Interview #106 — Jessie Tu
by Cher Tan
Jessie Tu is a Sydney-based journalist and writer. She was born in Chung Hua, Taiwan and emigrated to Australia in 1992 with her family. Her debut novel, A Lonely Girl is a Dangerous Thing (Allen & Unwin), will be published in 2020.
Jessie spoke to Cher Tan about carving out your own heroines, self-actualising on the page, and taking back power for ourselves.
How did your journey as a writer begin?
I’ve been keeping a journal every day since I was about five. I was an ESL kid, which meant I was pulled out of regular classes for a few hours each week and tasked with daily journal entries by our ESL teacher. I loved it.
In those journal entries, I wrote about things I did with my family: things like going to the beach and shopping. There were lots of shopping centre trips. Mostly, it was a way for me to articulate things I wasn’t able to describe verbally, because I was shy and always have been. Always will be. I’m much more comfortable on the page than in person, though it may not come across that way.
People are always saying to me that they can tell I’m smart after a few minutes of talking to me, and I always wonder why. Recently, I heard an interview between Jelani Cobb and Hilton Als, where Cobb said something like, when you’re a minority, you find mechanisms to be dignified, and many of us develop a “calibrated precision” with language. I found that really spoke to me. I suppose writing every day meant I was always giving myself the space to show up on the page, rather than in person.
You used to be a school teacher. In an op-ed for the Guardian, you wrote,
“At many schools I am the only Asian teacher. My first teaching placement was at James Ruse architectural high school, where up to 97% of students speak a language other than English at home. And yet, I, along with my supervisor, who was of Asian heritage, were the only teachers who racially represented the majority cohort of students.”
How have you navigated this, and how do you think this fundamental flaw in our system can be changed?
I’ve always tried to really separate my Asian advocacy with my job as a teacher. When I was teaching, I would feel a bit stifled because it seems unprofessional to assert your personal beliefs to your students. But I feel that my ethnicity—and more strongly, my feminist beliefs—is such a tremendous part of me that I struggled to compartmentalise this in schools as a teacher.
Perhaps the only way we can diversify the teaching cohort in Australia is to pay teachers more. I don’t know. Or shift the culture of how teachers are regarded in the wider society. Many researchers in the U.S can speak to this much better than I can. Over there, race is so much part of their daily lingo. And it’s within schools, during a child’s formative years, where many of our beliefs and attitudes are formed. So there’s much to say with regards to making the teaching cohort more racially diverse.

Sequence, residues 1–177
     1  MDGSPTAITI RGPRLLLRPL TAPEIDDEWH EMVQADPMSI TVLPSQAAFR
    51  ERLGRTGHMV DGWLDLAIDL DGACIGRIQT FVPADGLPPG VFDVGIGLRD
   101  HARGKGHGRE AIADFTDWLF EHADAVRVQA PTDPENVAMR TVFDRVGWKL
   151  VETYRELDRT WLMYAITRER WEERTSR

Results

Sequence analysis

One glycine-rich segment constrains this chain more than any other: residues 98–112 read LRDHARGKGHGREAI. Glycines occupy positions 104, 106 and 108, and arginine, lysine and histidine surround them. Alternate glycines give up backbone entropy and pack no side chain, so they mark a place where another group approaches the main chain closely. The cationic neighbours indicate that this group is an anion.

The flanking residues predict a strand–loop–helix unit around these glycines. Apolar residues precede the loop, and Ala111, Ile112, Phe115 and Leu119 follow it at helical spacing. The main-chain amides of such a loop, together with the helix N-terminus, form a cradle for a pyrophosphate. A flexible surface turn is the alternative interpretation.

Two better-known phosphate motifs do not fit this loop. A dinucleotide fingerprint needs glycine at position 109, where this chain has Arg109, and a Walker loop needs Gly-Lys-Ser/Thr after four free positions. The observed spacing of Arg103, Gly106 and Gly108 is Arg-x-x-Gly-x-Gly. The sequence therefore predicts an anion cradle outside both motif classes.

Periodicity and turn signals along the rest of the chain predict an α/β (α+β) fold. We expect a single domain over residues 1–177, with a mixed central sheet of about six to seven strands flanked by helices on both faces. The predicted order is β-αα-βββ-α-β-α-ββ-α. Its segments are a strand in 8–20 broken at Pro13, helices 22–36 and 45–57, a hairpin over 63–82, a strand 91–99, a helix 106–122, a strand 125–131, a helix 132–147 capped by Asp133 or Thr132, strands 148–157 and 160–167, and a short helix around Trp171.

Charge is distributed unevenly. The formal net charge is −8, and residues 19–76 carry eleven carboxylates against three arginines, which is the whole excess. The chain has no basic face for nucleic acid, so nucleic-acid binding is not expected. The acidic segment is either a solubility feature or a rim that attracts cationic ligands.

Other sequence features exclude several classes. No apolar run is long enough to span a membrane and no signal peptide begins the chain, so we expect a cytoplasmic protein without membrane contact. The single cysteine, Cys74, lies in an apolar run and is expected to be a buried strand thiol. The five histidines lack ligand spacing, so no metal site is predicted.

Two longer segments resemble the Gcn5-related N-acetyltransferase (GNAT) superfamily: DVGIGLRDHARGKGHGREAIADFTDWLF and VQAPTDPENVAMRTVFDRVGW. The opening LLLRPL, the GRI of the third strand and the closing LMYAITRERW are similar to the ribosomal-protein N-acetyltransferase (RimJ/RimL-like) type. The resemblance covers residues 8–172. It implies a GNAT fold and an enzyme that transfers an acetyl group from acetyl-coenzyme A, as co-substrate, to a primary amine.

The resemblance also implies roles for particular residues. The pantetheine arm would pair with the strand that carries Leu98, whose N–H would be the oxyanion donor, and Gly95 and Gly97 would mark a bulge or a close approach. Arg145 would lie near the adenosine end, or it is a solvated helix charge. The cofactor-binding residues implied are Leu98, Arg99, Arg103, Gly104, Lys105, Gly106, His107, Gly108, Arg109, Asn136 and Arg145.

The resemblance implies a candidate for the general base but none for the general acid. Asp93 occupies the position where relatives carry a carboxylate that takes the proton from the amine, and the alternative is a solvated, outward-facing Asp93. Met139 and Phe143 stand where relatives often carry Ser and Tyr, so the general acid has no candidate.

I suppose writing every day meant I was always giving myself the space to show up on the page, rather than in person.
Of late, I’ve been thinking about the various interests and/or obsessions that artists have that don’t make it into their work for whatever reason. Your writing very firmly centres gender politics, sexuality, family and the diaspora. Are there things you’re interested in that you don’t write about? And why?
Yes. I am absolutely obsessed with film. But I remain paralysed to write about it. I have many friends who are film critics and they do it professionally, and they do it so well. As a result I feel I’d be stepping into someone else’s territory if I were to start writing about film. It’s a world I enjoy, but as a viewer and not as a critic. I don’t see myself crossing over anytime soon. Just because something can be done doesn’t mean you have to do it.
I’m also really interested in architecture. It’s the most concrete manifestation of art and storytelling. It’s a world I’m easing into with trepidation, but my interest in it is entirely joyful and built on curiosity more than anything else. I am most fascinated by the language of architecture. I would love to go back to university one day and study it just for its infinite complexities.
What do you do to attain buoyancy in your practice?
I read. I’m a huge reader of essay collections. Essays are where people sit down and take you through their thought process around a certain issue or question; it’s mesmerising and completely interesting. I’m obsessed with the annual Best American Essays collections. I re-read each edition about five times.
I am absolutely obsessed with film. But I remain paralysed to write about it.
You recently sold your debut literary novel, A Lonely Girl is a Dangerous Thing, to Allen and Unwin. What is it about, what themes do you explore in the book?
I was trying to answer some very hard and concrete questions. And it’s grounded by the issue of sex, particularly from an Asian woman’s perspective. I find that these narratives have historically been hijacked by dominant male culture—the power has always been stripped from us.
I’m not really interested in love or sex as a concept, because it’s an overused method of determining or defining women. I wanted to write a character who repudiates her attachments and desires, and then transforms her immanence to a form of transcendence. Basically, I wanted to write an Asian woman who is simply trying to pursue basic liberty. Even today, it still feels fresh and new for an Asian woman—or any woman, for that matter—to be able to do that, because as Jia Tolentino writes in her book Trick Mirror, “our culture has configured women’s liberty as corrosion”, and we’ve mostly seen women who “entrust their sense of self to (the male’s) gratification.”